Parent-Child Relationship Inventory
- Parallel/Alternate Forms
- Translation Quality
- Population Information
- Pros & Cons/References
Gerard, A. B. (1994). Parent-Child Relationship Inventory (PCRI) Manual. Los Angeles, WPS.
The PCRI is a parent self-report measure of parenting skill and attitudes toward parenting and towards their children.
The measure yields scores on 7 content scales: 1) Parental Support, 2) Satisfaction with Parenting, 3) Involvement, 4) Communication, 5) Limit Setting, 6) Autonomy, and 7) Role Orientation.
High scores indicate positive parenting. The measure also has two validity indicators: 1) Social desirability, and 2) Inconsistency.
4-point Like rt scale: 1=strongly agree, 2=agree, 3=disagree, 4=strongly disagree
|Parental support||When it comes to raising my child, I feel alone most of the time (reverse scoring).|
|I get as much satsifaction from having children as other parents do.|
|Involvement||I spend a great deal of time with my child.|
|Communication||My child generally tells me when something is bothering|
him or her.
|Limit setting||I have trouble disciplining my child (reverse scoring).|
|Autonomy||Parents should protect their children from things that might make them unhappy (reverse scoring).|
|Role orientation||Women should stay home and take care of the children|
The manual briefly alludes to a brief form of the PCRI that “includes shortened versions of six of the seven content scales (Fritz & MacPhee, 1992),” but no details are provided regarding this brief version. Many published studies appear to have used only selected scales from the PCRI.
Normative data were gathered with 1,139 mothers and fathers in 18 schools and day care centers in the four major geographical regions of the United States. Day care centers and schools were selected through 2,000 mailings to principals and directors of these centers.
The response rate was 4.4%. Data were collected either by sending packets home with students or at group parent meetings (e.g., PTA).
Children ranged in age from 3-15: 50.2% male, 49.8% female; 85.7% White, 6.9% Black, 1.9% Asian, 1.5% Hispanic, 1% Native American, and 3% Other Ethnicity. Mothers made up 55.2% of the sample, fathers (39.1%), stepparents (2.7%), and Other (3.1%).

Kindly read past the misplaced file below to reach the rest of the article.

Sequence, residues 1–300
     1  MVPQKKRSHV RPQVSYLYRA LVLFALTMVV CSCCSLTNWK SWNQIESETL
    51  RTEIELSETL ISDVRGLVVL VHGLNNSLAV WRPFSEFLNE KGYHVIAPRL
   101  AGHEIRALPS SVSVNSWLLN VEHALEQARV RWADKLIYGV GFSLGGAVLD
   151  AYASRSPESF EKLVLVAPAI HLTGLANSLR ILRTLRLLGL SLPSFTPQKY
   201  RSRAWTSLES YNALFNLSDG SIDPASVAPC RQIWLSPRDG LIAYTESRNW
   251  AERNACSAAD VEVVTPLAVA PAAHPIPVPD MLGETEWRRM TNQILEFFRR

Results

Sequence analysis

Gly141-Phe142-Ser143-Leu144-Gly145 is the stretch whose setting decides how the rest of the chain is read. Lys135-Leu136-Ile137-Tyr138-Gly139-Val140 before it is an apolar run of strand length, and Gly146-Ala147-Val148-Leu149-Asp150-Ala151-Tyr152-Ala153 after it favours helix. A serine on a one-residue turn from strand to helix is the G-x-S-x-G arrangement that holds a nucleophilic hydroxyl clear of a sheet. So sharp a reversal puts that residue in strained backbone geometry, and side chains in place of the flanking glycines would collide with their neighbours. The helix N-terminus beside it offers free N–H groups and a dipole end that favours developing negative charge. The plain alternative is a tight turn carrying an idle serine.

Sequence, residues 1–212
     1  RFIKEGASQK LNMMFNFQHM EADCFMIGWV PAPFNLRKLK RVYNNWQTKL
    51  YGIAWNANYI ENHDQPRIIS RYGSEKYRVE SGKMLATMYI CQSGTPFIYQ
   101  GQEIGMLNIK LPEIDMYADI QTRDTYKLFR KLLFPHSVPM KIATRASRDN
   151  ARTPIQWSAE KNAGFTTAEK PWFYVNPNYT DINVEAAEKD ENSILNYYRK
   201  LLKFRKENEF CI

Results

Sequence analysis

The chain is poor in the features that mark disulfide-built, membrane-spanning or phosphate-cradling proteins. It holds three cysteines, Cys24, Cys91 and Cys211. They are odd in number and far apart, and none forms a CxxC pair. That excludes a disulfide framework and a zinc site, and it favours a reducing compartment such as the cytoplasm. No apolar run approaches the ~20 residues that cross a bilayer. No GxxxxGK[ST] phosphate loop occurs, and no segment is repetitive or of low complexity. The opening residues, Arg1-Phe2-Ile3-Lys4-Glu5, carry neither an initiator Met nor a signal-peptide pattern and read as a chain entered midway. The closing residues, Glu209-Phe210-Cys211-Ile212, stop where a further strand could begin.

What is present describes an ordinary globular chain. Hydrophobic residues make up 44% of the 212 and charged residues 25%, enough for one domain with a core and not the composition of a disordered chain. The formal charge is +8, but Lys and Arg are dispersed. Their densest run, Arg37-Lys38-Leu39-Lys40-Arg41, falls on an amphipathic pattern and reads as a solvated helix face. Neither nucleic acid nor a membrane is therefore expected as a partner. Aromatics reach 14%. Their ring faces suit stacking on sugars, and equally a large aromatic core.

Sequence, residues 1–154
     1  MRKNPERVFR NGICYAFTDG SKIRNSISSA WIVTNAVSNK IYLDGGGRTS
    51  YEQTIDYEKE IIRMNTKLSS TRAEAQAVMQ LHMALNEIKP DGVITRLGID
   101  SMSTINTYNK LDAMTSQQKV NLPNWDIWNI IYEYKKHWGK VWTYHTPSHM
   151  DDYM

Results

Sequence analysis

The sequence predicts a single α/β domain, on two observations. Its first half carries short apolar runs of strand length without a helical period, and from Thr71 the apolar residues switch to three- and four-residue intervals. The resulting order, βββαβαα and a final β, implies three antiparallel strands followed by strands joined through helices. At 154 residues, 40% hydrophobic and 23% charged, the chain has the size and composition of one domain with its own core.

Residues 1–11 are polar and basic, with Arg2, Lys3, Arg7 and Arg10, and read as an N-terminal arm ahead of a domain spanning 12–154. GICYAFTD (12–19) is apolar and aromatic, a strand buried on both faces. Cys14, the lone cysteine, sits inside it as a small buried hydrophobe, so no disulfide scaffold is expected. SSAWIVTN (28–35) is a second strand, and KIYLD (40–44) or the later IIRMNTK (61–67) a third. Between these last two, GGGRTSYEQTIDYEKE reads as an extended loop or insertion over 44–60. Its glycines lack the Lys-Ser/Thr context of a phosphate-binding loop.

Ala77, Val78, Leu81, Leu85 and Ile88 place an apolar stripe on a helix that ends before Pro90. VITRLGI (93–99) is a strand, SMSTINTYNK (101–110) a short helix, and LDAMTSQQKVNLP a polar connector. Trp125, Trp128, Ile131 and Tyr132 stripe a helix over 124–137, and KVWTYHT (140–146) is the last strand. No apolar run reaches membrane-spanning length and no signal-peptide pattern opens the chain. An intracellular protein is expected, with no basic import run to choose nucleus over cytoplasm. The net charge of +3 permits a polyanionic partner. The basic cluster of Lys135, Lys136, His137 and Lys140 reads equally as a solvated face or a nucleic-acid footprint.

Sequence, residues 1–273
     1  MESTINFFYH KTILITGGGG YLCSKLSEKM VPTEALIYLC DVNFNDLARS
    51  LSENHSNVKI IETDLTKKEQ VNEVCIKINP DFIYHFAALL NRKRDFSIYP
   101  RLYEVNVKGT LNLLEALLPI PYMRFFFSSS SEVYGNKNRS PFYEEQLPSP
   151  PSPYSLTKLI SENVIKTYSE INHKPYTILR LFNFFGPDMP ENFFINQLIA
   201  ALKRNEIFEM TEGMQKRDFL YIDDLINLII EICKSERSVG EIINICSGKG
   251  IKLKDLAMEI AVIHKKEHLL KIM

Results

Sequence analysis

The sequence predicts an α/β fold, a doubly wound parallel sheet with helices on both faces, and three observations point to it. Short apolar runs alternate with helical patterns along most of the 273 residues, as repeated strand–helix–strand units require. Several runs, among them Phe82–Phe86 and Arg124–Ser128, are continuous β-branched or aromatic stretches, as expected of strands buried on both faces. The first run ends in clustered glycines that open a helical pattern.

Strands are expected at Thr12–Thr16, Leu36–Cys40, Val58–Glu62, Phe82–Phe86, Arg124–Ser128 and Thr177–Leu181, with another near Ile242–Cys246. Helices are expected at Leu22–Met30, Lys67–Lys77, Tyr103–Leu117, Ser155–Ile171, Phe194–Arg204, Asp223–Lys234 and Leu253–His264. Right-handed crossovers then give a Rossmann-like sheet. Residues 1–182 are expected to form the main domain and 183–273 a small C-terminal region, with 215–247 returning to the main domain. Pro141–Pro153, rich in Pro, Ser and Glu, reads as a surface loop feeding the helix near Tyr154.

Age of parents 18-24 (2.3%), 25-34 (32.8%), 35-44 (55.4%), 45-54 (8%), and 55+ (1.4%).
Respondents over age 54 were excluded from the normative sample.
Education of parents: less than a high school degree (4.5%), high school
graduates (4.5%), some college education (27.6%), and college degree or higher (35.4%).
Using the normative sample, ethnicity analyses comparing Whites and Blacks showed that Blacks score significantly lower than did Whites on
Satisfaction with Parenting and Autonomy.
Education analyses showed that scores on Support and Autonomy were
related to parental education, with those with college degrees or more scoring higher on Support, and those with a less than a high school
education scoring lower than those with at least some college on Autonomy.
Age analyses suggest that the youngest parents (aged 18-24) scored significantly lower than did other parents on Satisfaction, Involvement, and
Autonomy. Analyses also suggest a different pattern of responding for mothers and fathers. Analyses of child’s age showed significant differences
on 6 of the scales.
The manual also reports significant differences found by region of the United States (East, West, South, and North) but suggests they are not meaningful differences.
The scale developers chose to develop separate norms only for mothers and fathers, reasoning that ethnic differences did not warrant separate norms, as there was no evidence for a systematic difference.
Additionally, they reported that the sample of young parents was small and separate norms for that group might underidentify problems. Finally, with
regard to child age, they opted for “economy of presentation,” reasoning that separate norms would complicate presentation and were not justified by the differences accounted for by child age.
|Test-Retest- # days: 7||Acceptable||Correlations||0.68||0.93||0.81|
|Internal Consistency||Acceptable||Cronbach's alpha||0.7||0.88||0.79|
Psychometrics provided below and in the table are from the manual (Gerard, 1994).
With a sample of 22 individuals administered the 345-item PCRI twice over a 1-week interval. Parental Support (.81), Satisfaction with Parenting (.73), Involvement (.87), Communication (.68), Limit Setting (.93), Autonomy (.78), Role Orientation (.89)
A second study involved 82 parents from the PCRI standardization study who completed the measure 5 months later. Parental Support (.71), Satisfaction with Parenting (.49), Involvement (.51), Communication (.52), Limit Setting (.49), Autonomy (.44), Role Orientation (.71)
INTERNAL CONSISTENCY (Cronbach’s alpha)
Parental Support (.70), Satisfaction with Parenting (.85), Involvement (.76), Communication (.82), Limit Setting (.88), Autonomy (.80), Role Orientation (.75)
Additional data on internal consistency reported by other authors are below:
1. Suchman, McMahon, & Luthar (2004) reported internal consistencies ranging from .61-.80 (median=.77) in a sample of heroin-addicted mothers recruited from methadone maintenance clinics to participate in a randomized trial of a Relational Psychotherapy Mother’s Group.
2. In a longitudinal study with an ethnically diverse (46% African American) lowersocioeconomic status sample of 94 mothers recruited form Head Start programs, Raver (2003) reported good internal consistency for the Limit Setting scale of the PCRI (alpha=.80 at time 1; alpha=.77 at time 2, two years later).